Executive Director’s Blog – Notes from Lisa’s Desk
The truth is that telling the truth is not so easy. The sages of the midrash wryly told that when God decided to create human beings, the ministering angels broke into factions. Justice and Lovingkindness were in favor of this new creation, saying that people would do acts of tzedek and chesed. Peace objected that they would engage in war and Truth protested that humans would be filled with deceit. God’s response was to hurl Truth down to the earth, but the other angels rushed to its defense. “Is not Truth Your seal?” they said. And quoting Psalm 85, they added, “Let truth spring up from the earth!”
In this rabbinic take on human nature, Truth, of course, tells the truth that human beings have a hard time living truthfully. But I find the end of the midrash ambiguous. Did Truth return to the heavenly abode? Or did it remain among us to instruct and inspire us? What makes it so difficult to tell the truth?
I consider times I have knowingly lied and most of them arose from an attempt to save face. The greater damage to others, however, came from the times I lied almost unknowingly because I had not told the truth to myself. In those cases, the truth was too painful for me to face. I remember certain situations in which the truth sprang up in me as a clear voice, but I didn’t want to hear it and I looked away. I pretended I did not know and somehow I did not know. The lies I told then were the most harmful because I believed them myself.
How can we get better at telling the truth? One practice emerges from the mystical tradition, in which truth is the balancing point between the endless flow of loving kindness and the firm rigor of judgement. Truth is not the opposite of kindness; instead, it can be found by holding kindness and judgment at the same time. Sometimes an insight, an unpleasant judgment arises. If I am cultivating the habit of bringing loving kindness towards my experience, I have more space to notice: Oh, here is fear. Here is aversion. Here is the unbearable. And yes, here is truth, the truth I did not want to welcome, but which has come nevertheless.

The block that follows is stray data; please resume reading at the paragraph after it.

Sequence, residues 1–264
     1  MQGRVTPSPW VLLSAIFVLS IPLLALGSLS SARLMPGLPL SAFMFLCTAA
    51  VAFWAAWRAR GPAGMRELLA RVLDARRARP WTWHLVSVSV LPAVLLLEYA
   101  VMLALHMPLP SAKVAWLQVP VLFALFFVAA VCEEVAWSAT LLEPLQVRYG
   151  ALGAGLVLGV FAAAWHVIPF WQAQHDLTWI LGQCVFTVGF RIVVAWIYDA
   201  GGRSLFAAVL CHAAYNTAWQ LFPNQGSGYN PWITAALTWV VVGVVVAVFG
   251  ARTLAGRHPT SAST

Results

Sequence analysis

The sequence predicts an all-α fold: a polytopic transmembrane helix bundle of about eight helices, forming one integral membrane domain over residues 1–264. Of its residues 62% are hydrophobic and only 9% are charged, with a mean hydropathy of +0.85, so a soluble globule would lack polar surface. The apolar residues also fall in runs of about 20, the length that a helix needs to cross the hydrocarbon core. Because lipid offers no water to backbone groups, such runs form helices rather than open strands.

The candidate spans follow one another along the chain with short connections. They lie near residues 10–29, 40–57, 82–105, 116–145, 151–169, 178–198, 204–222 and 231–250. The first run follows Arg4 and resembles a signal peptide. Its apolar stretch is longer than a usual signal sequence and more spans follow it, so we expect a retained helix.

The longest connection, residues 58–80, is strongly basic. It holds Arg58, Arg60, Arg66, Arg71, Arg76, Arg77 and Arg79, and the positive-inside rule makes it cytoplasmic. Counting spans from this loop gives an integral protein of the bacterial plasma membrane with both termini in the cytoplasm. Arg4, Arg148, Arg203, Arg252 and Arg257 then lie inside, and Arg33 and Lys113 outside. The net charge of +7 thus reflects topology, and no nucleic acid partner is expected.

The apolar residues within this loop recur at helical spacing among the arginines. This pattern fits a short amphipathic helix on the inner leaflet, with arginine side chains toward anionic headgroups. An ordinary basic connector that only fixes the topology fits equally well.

What is true in our personal lives is also true on larger scales. In our national life, truth is under attack from many sides and yet, there are also some truths about our country that have come to the surface that have long been too uncomfortable for many of us to face. I hope that the practices in this newsletter can help us turn towards these truths with courage and compassion.
Perhaps the author Paul Auster said it the most succinctly: “It occurred to me that the inner and the outer could not be separated except by doing great damage to the truth.”
One of the most radical intuitions that can emerge from contemplative spiritual practice is how profoundly everything is interconnected. There are so many ways we can talk about this experience. Jewish mystical texts discuss how waking up in the lower worlds causes waking up in the upper worlds. The sephirot map Divine qualities out there onto the human body right here. Nachman of Breslov piles metaphor upon metaphor (bechinot) in his teachings to show how seemingly unrelated things are surprisingly aspects of each other. Art Green and others help move vertical symbols into horizontal ones, encouraging us to connect the inside and the outside as one whole, all of which can be an abode for Divine light.